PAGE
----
Many years ago, during an obvious lapse in judgement which turned out to be lots of fun, I agreed to take a group of my high school Spanish students to Mexico. We all survived.
What I’ll never forget from that trip–made, of course, when I was much younger–was the art. Everywhere we went were murals with obvious political statements about the government and politics and history of Mexico painted on the walls and ceilings of many public buildings. The paintings transcended the political message in their artistry and beauty, the vibrancy of the colors, the glorious scope and vision of the muralists. I immediately became a huge aficionada of the work of them all, but most deeply of Diego Rivera.
For that reason, I was reading about his life in Wikipedia and came upon this wonderful story. It seems that Rivera was born one of a twin. His brother died when he was two. A year later, Diego began his career in art. “He had been caught drawing on the walls. His parents, rather than punishing him, installed chalkboards and canvas on the walls.”
How cool is this? Most parents would probably have punished a three year old, at least discouraged him forcefully from drawing on the wall. Did he become a great muralist because he was allowed to draw on the walls? Or did his parents recognize his talent even when he was so young and encourage him? Or were they just the kind of parents we wish we all had and could be?
Do you have a story about how your parents or a friend or relative encouraged you? Or have you encouraged another person to fulfil a dream. I’d love to hear.
This has been a tough week for many reasons. As usual, I didn’t realize that Tuesday really was Tuesday, my normal blog date.
However, I am blogging at http://www.seekerville.blogspot.com and hope you’ll drop by.
When I was six years old, my best friend Linda and I enrolled in figuring skating lessons. We arrived at the rink for our first lesson, pulled on our new skates, tied the laces, and hit the ice. We went every Saturday morning for months and about every two weeks, Linda was promoted to higher class and I never left the beginners. I’d tried so hard. I followed instructions, I practiced, I pushed myself but never, never moved up to the next level. I had no idea why not, not until years later when my mother said she always felt terrible for me as I trudged around the ice–but not only on the sharp blades but also on my ankles. I had–and still have–very weak ankles that couldn’t support me on ice skates. I skated on two blades and the outsides of my skates. No way I was going to go up a class when I was “ankling” as much as I was “skating.”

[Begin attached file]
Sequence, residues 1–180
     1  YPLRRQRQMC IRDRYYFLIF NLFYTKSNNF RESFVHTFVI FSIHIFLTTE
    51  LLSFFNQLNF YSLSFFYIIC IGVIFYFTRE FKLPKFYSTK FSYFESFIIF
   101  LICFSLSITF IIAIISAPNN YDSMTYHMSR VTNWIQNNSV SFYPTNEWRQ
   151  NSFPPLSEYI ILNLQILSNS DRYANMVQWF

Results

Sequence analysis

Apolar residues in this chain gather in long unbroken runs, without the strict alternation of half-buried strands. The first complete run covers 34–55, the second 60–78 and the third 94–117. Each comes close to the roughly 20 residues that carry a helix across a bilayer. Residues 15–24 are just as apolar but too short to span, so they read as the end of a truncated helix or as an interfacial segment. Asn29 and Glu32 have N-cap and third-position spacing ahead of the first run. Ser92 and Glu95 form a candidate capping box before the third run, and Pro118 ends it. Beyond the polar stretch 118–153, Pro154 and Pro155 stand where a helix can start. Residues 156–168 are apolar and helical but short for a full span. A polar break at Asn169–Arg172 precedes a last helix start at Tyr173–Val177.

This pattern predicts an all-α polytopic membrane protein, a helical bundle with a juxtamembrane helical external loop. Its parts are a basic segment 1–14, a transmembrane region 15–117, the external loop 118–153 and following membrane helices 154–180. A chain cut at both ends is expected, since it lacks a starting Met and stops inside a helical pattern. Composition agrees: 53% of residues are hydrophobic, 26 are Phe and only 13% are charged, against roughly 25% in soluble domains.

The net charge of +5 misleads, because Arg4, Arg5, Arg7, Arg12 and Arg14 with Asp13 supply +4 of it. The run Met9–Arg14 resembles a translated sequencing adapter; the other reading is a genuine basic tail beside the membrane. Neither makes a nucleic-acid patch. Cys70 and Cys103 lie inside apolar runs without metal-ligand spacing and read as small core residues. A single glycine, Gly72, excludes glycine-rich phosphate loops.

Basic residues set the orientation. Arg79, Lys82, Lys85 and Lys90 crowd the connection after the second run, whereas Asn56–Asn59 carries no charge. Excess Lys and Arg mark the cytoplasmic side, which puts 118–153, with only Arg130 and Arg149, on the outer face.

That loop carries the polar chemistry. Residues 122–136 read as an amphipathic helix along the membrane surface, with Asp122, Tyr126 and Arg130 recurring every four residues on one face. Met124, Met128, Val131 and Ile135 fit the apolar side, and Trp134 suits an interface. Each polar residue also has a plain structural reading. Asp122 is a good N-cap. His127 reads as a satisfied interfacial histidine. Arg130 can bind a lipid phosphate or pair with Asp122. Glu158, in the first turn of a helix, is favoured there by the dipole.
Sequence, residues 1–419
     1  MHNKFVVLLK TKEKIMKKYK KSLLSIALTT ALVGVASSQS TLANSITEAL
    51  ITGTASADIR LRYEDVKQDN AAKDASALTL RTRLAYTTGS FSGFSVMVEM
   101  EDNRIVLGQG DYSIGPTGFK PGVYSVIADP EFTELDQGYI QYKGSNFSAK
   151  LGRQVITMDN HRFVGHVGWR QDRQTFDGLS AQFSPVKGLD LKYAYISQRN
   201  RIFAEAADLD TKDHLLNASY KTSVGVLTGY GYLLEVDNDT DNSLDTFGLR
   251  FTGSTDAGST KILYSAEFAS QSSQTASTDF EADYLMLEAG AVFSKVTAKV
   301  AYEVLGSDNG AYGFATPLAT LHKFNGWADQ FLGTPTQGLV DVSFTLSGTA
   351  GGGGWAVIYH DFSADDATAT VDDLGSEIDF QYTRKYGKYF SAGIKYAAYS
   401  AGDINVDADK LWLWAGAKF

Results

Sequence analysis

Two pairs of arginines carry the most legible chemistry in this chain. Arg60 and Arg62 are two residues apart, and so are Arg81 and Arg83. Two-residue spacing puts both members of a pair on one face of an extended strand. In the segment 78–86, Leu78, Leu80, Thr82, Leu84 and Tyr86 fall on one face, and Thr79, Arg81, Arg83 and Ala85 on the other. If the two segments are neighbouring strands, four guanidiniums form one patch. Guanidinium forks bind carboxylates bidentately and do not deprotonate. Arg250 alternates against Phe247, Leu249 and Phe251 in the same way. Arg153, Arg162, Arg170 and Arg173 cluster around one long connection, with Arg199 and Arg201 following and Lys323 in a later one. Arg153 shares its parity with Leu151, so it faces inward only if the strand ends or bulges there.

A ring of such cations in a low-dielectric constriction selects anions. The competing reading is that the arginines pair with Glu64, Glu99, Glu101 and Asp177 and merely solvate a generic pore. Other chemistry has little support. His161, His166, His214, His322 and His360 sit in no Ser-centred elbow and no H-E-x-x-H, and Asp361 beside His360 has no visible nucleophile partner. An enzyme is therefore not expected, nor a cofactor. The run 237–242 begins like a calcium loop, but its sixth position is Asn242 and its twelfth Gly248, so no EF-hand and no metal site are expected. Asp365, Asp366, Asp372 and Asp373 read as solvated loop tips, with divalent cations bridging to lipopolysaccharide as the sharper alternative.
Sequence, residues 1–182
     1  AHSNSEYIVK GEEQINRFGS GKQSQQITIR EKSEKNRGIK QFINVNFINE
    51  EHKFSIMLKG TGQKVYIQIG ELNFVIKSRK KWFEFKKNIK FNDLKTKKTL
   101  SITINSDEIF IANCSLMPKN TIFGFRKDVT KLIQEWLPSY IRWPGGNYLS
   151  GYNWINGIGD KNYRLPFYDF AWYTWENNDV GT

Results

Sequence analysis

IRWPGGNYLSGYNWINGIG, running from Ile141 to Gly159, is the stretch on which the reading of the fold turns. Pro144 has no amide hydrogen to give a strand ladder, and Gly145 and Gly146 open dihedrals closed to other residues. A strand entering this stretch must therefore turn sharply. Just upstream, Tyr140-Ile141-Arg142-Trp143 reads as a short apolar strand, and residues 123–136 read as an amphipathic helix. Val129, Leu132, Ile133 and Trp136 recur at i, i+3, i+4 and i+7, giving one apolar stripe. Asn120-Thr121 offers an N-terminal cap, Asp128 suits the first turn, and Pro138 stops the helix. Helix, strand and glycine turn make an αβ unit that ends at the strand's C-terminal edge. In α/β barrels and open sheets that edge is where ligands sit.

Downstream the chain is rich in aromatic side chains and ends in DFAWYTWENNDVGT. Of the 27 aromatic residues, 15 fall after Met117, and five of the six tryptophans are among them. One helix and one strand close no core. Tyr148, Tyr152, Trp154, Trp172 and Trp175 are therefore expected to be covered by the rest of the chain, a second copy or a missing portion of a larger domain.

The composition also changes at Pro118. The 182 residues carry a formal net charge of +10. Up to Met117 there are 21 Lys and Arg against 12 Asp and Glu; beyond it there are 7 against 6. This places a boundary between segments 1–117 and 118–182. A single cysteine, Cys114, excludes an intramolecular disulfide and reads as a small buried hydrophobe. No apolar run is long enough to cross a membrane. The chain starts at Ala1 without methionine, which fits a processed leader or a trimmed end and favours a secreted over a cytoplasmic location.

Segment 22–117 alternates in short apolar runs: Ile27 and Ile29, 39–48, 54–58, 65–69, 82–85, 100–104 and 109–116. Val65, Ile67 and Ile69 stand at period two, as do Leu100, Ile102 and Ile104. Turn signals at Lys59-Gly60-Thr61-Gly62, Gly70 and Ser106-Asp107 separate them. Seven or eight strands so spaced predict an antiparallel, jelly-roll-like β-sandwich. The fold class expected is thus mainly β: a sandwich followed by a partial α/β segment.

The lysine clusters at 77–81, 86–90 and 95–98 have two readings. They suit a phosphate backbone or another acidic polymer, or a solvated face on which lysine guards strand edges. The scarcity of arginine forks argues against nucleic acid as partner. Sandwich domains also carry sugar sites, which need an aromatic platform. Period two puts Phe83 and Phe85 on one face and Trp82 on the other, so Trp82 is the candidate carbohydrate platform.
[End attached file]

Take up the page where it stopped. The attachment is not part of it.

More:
I wish someone had explained it to me. I wish someone had told me the truth. I wish the instructor had said, ‘Monica Jane, this is probably not the sport for you.” Or that four-year-old who was quickly moved from beginners had said to me, “Why do you skate funny?” Or my mother had suggested I not return and given the reason. I imagine no one wanted to hurt my feelings, but, really, never improving didn’t hurt?
Do you have something you wish some had told you about? Please share. It makes me feel so much better.
The first time I had to accept the fact I was growing–oh, no!– older was when I realized I’d never represent my country in the Olympics. Not that I have any athletic skills that would have even allowed me to participate in a competition even at the lowest level, but the realization it would never happen hit hard. Well, not really. It was one of those moments that reminded me I was no longer eighteen. In honor of the upcoming Winter Olympics, I thought I’d discuss my brief career as a skier.
In high school, I went on a ski trip to Estes Park. We stayed in a cheap ski resort which didn’t have chair lifts. Instead, the lift was like a small garbage-can lid that one put between one’s legs and this–for many of the skier–towed one up to the top of the trail. Not for me. This was not friendly to a novice skier who’d had two hours of lessons, then was expected to, more or less, ski uphill. Every time–every single time–I lost control of the skis, unable to keep them straight in the ruts worn in the snow And every single time, I fell off the garbage-can lid half way up the hill with only one choice: to walk sideways in those skis I couldn’t control, across the snow and through the trees until I reached the trail. I’d ski down the trail and start the trek all over.
As frustrating as this was, my best friend had an even worse time. She stood at the lift station, put the garbage-can lid between her leg. When the lift pulled her, her skis flew into the air and she fell off on her head after about six inches. I can’t remember now if she ever got to the top of the hill.
Next week: how my bad ankles doomed my figure skating career.
In my efforts to get the taxes together–which I do not do well or happily but feel I’m not alone in that–and working on new writing projects, I’ve decided to write only one blog a week, my Tuesday blog.
I didn’t think I’d like blogging when I first started. The publicist at my publishing company requested I do that and I enjoy it During the time after George’s death when I didn’t feel a bit creative, writing, I found a short blog kept me writing. Also, I’ve been amazed at some of the topics I came upon and I really love it when someone comments.
Please keep up with me on Tuesdays!